Stocks and indexes that have been beaten up the most are the ones set to make the best returns, according to Levitt.
"You could see rises anywhere from 20 to 25 percent in the S&P 500, even greater in some of the Asian markets and the same thing will happen in Europe," Levitt said.
The rally won't be long lasting and may not be evident straight away, but "it will be one of these quiet markets that slowly moves up," Levitt said.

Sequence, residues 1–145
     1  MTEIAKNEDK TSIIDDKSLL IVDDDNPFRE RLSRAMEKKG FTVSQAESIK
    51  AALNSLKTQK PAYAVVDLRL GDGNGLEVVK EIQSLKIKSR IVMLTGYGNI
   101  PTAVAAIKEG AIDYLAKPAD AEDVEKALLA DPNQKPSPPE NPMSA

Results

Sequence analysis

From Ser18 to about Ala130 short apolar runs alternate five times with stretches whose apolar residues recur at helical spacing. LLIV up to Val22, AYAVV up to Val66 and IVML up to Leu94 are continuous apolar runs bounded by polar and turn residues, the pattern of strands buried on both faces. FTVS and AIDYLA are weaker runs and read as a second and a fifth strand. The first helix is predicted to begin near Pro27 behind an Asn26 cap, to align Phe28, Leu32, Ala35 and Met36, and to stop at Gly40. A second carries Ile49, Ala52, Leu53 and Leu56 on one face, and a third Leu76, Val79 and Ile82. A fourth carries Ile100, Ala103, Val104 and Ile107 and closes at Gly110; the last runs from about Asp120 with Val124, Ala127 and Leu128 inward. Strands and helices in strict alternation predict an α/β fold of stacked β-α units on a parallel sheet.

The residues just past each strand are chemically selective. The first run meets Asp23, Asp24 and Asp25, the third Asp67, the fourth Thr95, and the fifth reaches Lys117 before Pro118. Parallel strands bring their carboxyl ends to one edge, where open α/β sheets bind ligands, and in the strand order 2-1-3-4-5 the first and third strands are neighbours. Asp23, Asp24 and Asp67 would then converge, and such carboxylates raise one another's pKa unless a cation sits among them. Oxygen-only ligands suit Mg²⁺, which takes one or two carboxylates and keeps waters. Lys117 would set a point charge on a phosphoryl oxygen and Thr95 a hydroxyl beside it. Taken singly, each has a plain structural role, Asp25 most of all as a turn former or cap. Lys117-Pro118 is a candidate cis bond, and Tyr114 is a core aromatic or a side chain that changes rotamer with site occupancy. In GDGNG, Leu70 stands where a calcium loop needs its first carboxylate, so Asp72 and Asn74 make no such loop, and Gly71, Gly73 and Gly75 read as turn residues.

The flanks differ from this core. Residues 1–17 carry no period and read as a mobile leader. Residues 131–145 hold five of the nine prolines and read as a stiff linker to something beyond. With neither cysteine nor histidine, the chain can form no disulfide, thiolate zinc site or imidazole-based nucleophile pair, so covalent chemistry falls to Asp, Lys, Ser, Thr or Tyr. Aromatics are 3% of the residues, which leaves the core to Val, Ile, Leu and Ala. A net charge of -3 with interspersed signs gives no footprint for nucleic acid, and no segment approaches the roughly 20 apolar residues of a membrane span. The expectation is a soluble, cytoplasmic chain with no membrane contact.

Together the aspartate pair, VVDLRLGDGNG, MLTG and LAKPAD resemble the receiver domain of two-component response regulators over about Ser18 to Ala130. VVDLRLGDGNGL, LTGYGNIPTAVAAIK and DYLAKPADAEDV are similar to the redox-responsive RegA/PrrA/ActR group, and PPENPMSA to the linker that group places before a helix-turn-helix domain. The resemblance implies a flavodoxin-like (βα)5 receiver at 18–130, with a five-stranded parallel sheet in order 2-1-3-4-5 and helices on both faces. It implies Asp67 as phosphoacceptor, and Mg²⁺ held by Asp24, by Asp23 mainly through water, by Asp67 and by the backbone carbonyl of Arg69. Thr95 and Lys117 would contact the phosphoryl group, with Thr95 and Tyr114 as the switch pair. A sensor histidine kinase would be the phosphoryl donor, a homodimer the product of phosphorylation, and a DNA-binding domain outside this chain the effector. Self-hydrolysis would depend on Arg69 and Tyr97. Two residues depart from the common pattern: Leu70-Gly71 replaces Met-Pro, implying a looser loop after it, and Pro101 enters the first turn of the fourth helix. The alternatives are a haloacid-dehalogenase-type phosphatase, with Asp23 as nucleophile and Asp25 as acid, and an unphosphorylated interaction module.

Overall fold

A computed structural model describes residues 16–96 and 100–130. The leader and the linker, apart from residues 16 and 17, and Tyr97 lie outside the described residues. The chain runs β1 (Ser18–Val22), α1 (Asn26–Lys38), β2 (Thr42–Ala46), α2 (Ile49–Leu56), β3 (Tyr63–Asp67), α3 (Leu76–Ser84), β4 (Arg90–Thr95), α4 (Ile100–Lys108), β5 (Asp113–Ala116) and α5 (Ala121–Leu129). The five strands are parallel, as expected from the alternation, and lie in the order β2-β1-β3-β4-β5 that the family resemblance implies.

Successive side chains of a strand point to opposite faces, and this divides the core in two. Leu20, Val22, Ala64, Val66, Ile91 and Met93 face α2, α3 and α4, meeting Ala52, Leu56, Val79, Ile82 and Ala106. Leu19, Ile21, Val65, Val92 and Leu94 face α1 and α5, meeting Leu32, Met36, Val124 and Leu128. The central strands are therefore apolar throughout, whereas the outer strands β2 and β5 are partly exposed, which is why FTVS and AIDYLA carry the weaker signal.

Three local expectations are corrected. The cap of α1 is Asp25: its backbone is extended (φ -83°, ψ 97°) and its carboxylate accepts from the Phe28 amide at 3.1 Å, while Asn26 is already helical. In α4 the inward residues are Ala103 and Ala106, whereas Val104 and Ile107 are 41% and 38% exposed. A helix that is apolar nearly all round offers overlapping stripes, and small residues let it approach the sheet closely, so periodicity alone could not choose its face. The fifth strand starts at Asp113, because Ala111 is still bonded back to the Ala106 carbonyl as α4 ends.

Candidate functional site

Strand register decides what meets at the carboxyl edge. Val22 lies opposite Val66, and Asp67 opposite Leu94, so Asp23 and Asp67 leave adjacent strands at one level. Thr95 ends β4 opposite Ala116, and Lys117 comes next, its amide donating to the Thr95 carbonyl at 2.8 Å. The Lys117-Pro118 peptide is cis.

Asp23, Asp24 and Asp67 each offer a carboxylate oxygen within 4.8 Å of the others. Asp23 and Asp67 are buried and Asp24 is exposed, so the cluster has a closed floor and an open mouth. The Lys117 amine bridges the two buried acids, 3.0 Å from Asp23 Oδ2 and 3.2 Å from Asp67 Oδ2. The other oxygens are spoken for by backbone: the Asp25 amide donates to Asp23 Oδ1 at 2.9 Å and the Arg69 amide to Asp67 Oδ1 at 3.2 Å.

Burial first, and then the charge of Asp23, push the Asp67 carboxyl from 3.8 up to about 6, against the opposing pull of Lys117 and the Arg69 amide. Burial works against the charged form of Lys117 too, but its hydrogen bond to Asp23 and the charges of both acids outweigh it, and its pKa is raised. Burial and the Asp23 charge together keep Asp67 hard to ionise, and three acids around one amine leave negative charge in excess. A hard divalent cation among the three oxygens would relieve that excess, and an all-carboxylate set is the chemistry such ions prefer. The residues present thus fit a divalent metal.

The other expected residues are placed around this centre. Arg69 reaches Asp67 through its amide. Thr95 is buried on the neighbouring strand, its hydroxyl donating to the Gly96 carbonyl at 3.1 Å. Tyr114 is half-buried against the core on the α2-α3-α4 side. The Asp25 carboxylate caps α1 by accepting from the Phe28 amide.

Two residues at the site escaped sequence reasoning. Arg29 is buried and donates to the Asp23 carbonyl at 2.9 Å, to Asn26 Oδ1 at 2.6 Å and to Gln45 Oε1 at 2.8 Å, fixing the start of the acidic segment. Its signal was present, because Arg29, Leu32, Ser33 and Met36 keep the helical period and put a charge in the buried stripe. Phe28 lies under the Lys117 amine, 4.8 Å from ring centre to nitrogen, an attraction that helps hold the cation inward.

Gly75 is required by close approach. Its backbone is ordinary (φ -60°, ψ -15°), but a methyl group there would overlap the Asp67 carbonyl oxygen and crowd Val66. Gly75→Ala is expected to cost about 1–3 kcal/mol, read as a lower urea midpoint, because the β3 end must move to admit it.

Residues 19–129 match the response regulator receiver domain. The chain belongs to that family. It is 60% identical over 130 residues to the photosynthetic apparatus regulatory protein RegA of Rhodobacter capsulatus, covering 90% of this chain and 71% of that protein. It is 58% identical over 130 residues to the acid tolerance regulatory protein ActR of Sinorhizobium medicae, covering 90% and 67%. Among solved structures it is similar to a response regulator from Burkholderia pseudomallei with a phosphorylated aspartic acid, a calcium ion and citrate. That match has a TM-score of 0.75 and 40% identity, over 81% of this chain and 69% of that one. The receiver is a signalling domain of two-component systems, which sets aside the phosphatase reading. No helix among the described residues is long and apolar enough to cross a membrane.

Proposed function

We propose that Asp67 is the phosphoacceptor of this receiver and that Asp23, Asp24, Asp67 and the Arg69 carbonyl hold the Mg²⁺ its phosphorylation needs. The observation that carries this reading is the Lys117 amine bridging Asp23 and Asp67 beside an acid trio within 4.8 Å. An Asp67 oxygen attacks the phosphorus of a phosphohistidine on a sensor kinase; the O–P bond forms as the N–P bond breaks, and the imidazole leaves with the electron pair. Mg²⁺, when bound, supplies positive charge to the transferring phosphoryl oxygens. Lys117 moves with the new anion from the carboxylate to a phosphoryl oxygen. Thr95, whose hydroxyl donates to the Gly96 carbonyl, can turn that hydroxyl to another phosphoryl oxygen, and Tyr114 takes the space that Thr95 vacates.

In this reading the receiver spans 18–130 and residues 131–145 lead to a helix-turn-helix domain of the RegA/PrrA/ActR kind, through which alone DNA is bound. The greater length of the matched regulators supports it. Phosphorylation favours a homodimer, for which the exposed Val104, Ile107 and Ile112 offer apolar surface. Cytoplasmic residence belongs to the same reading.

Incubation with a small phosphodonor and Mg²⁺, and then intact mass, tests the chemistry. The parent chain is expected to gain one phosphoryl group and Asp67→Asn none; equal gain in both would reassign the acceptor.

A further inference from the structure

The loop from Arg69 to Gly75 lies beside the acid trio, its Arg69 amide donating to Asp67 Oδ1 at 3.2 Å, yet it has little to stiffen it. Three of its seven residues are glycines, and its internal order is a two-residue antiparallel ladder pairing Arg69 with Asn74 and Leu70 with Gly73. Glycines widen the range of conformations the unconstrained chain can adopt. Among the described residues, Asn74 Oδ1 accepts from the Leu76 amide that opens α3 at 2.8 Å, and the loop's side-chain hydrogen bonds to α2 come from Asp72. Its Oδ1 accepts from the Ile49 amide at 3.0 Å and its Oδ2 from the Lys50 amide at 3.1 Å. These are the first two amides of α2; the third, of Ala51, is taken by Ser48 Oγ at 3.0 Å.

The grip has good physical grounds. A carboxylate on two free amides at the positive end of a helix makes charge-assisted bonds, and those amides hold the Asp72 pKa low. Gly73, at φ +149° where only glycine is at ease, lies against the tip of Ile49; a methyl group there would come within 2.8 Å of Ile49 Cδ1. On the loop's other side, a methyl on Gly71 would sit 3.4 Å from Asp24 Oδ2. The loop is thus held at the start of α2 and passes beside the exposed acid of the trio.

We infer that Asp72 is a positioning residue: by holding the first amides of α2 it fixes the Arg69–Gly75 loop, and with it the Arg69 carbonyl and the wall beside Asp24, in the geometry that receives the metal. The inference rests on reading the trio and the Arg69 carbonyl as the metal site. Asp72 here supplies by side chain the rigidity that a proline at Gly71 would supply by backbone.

(Watch the full CNBC interview with Robert Levitt above).
When the Ted spread -- the spread between 3-month dollar Libor and 3-month Treasury prices -- drops "to below one we'll be fully invested, at this point we're just beginning to be invested," Levitt said.
Indexes that offer high levels of liquidity are desirable, Levitt said, adding that he will be using stop losses (an automatic sell triggered when an asset hits a certain price), "because if we're wrong we're going to be exiting."
Levitt is steering clear of government bonds because he thinks interest rates will have to go higher in the long term. He also keeps a permanent exposure to gold as a form of insurance. Until this point Levitt has been "hiding" in dollar and yen.
For the Investor: